|André M. Zachery (left) and LaMont Hamilton|
(photo: Layla Zami)
The dance series Five on the Black Hand Side/Dapline! draws its title from the practice of the dap ("dap" meaning "dignity and pride"), a spectrum of elaborate gestural greetings and supportive hugs between Black men. Visual artist/photographer LaMont Hamilton and André M. Zachery of Brooklyn's Renegade Performance Group have curated three programs that can be seen as commentary on, as Hamilton has written about one of the works, "Not 'Black Lives Matter' but blackness as matter moving throughout the space; real and present."
Last evening, the series opened with three works that approached this embodied Black presence in different ways, each with a flavor of dreamlike timelessness.
(photo: Layla Zami)
Oxana Chi (Oxana Chi & Ensemble Xinren) comes to us from Germany, a dancer of Nigerian and Eastern European origin. A chart of her dance background would look like a spinning globe--from ballet and Cunningham and jazz to Javanese and Egyptian dance. Her solo Neferet iti, performed to live music by Layla Zami and a recorded score by Gilbert Trefzger and Abdoul Aziz Sinka, dares to draw visual and kinetic elements from different cultures, too, in a quilt-like, multi-textured performance. Her Central American plumed headdress, her yellow-gold harem pants, her hip thrusts and shimmies, her archer's bow draws, Masai jumps, capoeira maneuvers, vogue hands and dervish spins add up to a heady mixture. She believes it all works--you can see that--and makes it work. A somewhat delicate presence, she is, nevertheless, a woman writ large, claiming concert dance space for a diverse and teeming world, blessing that space. I don't claim to understand the two theatrical sneezes--clearly not real afflictions--that punctuated sections of Chi's performance. Perhaps the audience was meant to respond by offering its own blessing.
Hamilton collaborates with sound artist Jeremy Toussaint Baptiste on Evil Nigger (pt 1), a hallucinatory performance in which he sits behind a small table covered in a drop cloth and smears his dark chocolate face and white dress shirt and tie with a succession of gloopy paints--white, red and black. He is flesh-and-blood canvas, wrecking convention, striking out for something unknown in what starts off, it might appear, as a sendup of blackface and veers out of control. Like the droning, distorted music, the streaks and splotches and ungainly blends of stark, gleaming wet color eventually turn him into a still object of art fading from our view as the lighting slowly drains away.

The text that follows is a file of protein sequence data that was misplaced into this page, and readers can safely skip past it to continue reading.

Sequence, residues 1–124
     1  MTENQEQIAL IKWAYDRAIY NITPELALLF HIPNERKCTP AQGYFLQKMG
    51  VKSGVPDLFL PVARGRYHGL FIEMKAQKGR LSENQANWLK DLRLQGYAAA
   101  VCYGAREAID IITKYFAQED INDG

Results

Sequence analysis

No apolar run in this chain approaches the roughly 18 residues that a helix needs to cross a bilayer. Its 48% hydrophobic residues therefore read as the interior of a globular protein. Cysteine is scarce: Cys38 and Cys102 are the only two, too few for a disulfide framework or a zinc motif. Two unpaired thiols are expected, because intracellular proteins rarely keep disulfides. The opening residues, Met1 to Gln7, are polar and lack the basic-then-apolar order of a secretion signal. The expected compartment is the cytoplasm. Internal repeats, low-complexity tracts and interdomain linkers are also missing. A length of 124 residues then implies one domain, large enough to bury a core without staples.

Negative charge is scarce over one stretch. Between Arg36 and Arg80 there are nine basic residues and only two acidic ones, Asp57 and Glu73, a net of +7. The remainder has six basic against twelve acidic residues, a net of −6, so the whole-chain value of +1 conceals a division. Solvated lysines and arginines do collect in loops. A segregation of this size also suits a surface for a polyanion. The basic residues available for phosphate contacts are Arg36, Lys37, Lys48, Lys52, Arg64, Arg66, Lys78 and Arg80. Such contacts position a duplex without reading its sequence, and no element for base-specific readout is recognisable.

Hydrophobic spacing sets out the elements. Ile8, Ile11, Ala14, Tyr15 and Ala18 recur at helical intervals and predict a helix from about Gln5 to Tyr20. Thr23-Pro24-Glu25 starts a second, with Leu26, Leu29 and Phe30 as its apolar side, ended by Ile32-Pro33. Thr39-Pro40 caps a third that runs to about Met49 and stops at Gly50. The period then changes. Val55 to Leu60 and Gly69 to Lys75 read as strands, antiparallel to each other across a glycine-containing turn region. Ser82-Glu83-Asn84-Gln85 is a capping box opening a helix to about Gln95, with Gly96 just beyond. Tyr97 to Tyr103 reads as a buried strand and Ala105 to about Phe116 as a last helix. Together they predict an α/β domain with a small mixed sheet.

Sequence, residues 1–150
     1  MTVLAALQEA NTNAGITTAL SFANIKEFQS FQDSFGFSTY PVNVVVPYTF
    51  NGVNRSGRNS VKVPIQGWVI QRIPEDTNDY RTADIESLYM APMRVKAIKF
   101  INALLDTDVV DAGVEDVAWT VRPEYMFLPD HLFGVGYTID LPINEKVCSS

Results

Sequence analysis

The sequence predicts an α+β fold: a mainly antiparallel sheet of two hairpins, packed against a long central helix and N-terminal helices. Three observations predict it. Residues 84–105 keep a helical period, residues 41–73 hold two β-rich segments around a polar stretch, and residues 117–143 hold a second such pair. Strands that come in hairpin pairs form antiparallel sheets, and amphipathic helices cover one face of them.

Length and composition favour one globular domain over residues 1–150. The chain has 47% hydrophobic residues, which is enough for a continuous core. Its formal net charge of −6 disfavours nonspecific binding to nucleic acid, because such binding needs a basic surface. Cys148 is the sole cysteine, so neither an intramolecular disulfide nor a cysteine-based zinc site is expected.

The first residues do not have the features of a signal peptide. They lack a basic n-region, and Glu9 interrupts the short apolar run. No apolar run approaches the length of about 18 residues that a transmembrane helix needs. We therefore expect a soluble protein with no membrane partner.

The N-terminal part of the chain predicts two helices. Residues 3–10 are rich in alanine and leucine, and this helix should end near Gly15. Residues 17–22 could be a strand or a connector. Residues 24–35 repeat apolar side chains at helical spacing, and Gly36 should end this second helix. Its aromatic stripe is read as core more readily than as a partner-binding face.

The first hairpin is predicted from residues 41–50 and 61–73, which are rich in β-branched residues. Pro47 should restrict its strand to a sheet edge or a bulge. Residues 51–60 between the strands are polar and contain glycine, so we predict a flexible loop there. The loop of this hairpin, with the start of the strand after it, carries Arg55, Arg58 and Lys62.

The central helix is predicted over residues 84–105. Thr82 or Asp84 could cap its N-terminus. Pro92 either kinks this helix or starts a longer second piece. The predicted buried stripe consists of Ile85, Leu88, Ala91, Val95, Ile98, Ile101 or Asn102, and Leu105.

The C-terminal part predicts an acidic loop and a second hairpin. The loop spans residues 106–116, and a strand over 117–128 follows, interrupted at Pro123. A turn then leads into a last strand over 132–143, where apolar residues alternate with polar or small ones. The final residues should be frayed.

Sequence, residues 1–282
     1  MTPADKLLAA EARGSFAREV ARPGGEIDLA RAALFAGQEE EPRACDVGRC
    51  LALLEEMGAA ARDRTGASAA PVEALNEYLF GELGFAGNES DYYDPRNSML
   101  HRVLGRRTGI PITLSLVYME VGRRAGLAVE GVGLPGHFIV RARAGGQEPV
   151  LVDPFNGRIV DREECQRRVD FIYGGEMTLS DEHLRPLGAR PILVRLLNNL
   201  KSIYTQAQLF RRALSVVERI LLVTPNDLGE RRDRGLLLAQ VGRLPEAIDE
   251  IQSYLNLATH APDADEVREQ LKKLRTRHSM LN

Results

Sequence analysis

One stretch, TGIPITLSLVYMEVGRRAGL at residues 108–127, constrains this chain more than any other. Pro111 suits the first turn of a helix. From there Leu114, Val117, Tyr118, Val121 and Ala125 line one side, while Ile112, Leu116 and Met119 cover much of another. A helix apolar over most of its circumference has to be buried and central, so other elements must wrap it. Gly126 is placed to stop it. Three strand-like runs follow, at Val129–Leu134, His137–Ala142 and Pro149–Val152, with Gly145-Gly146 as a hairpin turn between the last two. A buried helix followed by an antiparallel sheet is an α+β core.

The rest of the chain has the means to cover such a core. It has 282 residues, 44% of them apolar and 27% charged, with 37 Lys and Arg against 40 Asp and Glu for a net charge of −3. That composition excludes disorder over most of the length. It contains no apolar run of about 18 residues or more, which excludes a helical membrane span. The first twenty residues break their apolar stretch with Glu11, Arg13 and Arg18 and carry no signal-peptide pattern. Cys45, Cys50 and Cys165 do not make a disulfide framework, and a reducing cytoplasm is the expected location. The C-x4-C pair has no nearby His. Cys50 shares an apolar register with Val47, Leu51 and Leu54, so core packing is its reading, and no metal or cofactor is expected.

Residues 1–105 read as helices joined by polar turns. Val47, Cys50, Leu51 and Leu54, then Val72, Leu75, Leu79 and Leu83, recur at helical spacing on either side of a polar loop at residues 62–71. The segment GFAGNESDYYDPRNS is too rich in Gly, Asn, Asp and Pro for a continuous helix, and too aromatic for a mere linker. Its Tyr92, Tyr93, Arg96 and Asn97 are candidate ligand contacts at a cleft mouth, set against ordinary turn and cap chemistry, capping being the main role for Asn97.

The dap originated in the Vietnam War/Black Power era with Black GIs and spread throughout African American communities as a way for Black men to express cultural identity and support. In Zachery and Hamilton's ensemble piece, Dapline!, six men of color perform a fugue-like imagining of military discipline and, at the same time, reveal a tight community responsive to the pain, frustration and momentary failures of its members. The idea of the dap is addressed both in spirit and, later in the piece, in technical execution. The viewer marvels at the unity and elegance of this corps of men, the clean architecture of their shifting arrangements and movements in space, the softness and tranquility that can emerge when masculinity is unshackled, given more than one narrow definition. We watch some of the daps performed in slow motion, skin sliding over skin, our eyes absorbing the beauty and meaning of these silent interactions. These are duets; one quite fanciful interpretation unfolds like a stretchy, twisting tango. If I could have anything reconsidered about Dapline!, it would be its duration. Portions of it seem unnecessarily repetitious and drawn out. Rounding out the program, it makes for a long evening. But this important work is given magnificent and affecting performances by its dancers--Brian Henry, Andre Cole, Johnnie Mercer, Malcolm McMichael, TJ Jamez and Stephen Galberth.
Five on the Black Hand Side/Dapline! continues this evening with guest artists Candace Thompson/Nehemoyia Young and University Settlement's New Youth Movement Collective (NYMC). On Saturday evening, the series concludes with Laurie M. Taylor/SOULMOVEMENT and Hamilton and Baptiste's Evil Nigger (Part 2). Both programs include performances of Dapline!, not to be missed.
For information and tickets for tonight and tomorrow's performances, both at 8pm, click here.
184 Eldridge Street (between Rivington and Delancey Streets), Manhattan
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